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Showing posts from February, 2015

Hybinatin'

Melon- out.
Melon and Poppy- out.
Yep, Poppy is still out.
Daisy, out.
No, wait she is awake. But soon drifts off to out again.

To Snow you say

The deck is full.
My truck is full.
Free snow delivery, yeah that is full too.
He has the right idea, hibernation.
Keeping my eyes safe in the blinding white


Ducks and wild birds at breakfast


The view from the back 40.

Snowy February

Osa comes along for chores
Some white stairs.
Zilla wants to play in the snow.
My ducks having a duck-scussion about all this white stuff.
Nope, too cold to be a chicken.
My herd covered in ice and snow.
Checking on the hay for the horses.
Double jacket and double hood kinds of day on the farm.

Here there be Snow

It has been super cold and it has snowed, a lot. It is almost a foot deep and I have 3 foot drifts around the farm. I am staying home and off the roads. Inside I have to wood stove going and pets dozing in the warmth. Coco cooling off on my piano.
Coco claims the highest saddle in the saddle tree hers alone.
Oza and Melon have a discussions about who gets what blanket in the house. Osa is getting older and likes to come in and enjoy the heat. Zilla prefers to cold and outside. Melons prefers all dogs stay outside.
This is just one day of snow in the Ozarks.

Baby Bonnet

This is one of the smallest bonnets I had made for the Library event. It was perfect for this little one.

Prarie Hat Making

After a few attempts I mastered the prairie hat. A friend made one for me and I reverse engineered it from there. Most patterns were lacking in directions. It was fun to sit and create something. I have been super busy on the farm and helping friends, I have had no time to be an artist.  Playing piano takes up my free time. But playing music is no match for making things with my hands.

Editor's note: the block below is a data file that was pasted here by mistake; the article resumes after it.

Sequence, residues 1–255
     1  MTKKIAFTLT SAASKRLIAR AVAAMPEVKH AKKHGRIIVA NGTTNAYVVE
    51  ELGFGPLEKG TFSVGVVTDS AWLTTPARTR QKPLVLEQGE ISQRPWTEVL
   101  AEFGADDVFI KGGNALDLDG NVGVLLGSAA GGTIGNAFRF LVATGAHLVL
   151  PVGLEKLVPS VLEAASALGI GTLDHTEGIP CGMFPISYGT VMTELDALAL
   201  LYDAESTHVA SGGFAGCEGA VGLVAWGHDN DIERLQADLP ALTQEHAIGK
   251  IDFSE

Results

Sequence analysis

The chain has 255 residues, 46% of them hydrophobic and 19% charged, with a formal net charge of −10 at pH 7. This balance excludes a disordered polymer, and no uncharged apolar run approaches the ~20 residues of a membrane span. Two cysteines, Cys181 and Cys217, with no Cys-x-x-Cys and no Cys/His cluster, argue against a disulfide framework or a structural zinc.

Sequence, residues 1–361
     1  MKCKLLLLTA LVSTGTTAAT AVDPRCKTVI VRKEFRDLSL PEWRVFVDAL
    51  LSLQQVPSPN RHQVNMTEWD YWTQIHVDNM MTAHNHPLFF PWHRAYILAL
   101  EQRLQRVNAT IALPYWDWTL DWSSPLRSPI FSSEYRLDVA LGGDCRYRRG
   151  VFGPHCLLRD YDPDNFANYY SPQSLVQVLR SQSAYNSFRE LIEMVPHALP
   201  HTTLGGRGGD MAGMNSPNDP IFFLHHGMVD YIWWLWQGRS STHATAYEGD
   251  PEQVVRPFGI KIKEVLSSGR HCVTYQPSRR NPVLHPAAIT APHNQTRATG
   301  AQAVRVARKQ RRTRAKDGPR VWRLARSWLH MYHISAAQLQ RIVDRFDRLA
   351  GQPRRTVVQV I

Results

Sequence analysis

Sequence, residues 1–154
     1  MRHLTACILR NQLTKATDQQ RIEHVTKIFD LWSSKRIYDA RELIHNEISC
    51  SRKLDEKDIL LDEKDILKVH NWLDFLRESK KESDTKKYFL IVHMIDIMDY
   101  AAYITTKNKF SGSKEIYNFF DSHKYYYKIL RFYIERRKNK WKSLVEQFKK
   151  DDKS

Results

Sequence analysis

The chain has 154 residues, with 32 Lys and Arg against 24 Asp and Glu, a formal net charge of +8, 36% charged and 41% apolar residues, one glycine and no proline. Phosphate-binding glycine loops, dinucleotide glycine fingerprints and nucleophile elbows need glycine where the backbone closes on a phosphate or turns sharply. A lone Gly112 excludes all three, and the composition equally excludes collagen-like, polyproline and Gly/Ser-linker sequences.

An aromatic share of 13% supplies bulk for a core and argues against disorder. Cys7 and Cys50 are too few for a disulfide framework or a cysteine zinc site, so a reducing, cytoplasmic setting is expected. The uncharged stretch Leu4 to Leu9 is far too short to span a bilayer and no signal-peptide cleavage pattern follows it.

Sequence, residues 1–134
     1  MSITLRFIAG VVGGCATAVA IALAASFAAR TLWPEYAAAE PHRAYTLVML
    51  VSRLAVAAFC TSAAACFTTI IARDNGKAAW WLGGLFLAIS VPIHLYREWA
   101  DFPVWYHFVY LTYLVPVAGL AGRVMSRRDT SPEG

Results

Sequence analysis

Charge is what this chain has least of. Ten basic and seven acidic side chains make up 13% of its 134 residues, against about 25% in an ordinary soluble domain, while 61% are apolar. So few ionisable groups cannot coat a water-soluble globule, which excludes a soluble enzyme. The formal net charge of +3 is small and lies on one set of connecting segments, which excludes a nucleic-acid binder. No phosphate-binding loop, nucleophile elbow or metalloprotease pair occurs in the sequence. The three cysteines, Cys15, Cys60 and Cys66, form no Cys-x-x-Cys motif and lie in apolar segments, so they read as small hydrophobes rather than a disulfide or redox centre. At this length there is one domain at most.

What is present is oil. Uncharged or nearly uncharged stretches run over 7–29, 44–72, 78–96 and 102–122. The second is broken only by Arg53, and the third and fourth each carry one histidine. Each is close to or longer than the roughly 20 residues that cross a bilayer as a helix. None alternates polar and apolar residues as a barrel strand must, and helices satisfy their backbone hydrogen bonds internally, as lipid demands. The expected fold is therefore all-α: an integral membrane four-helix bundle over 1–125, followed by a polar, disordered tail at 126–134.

Yep, all finished and off to the local library. I was able to make four hats for their special Laura Ingles Wilder storytime event.
Melon supervised the pattern making.

Moving Big Blue Iron

This is what my husband and I bought in Nixa, a new pellet stove. It weighs over 500 lbs. We left it on the back of our farm truck until we made time to move it into our house on the second floor.
Waiting for the tractor.

We wrapped the stove in 3 moving blankets and stretch wrap.
Using strapping as chain will ding and harm the stove.
We were able to get it safely to the base of the stairs.
Now the fun begins using a pulley and our arm strength.
reducing friction

First pull, great success, but tipping over of the stove is a concern.
I suggest using the tractor. Hoping the nylon rope holds.
It does and things move quickly.
Almost there. Lots of friction and high danger to me if rope snaps. I am behind the stove.
The stove has landed on deck.
You can see how far the tractor had to go.
On deck!
After using furniture gliders we got big blue into the house.
Now it waits to be installed.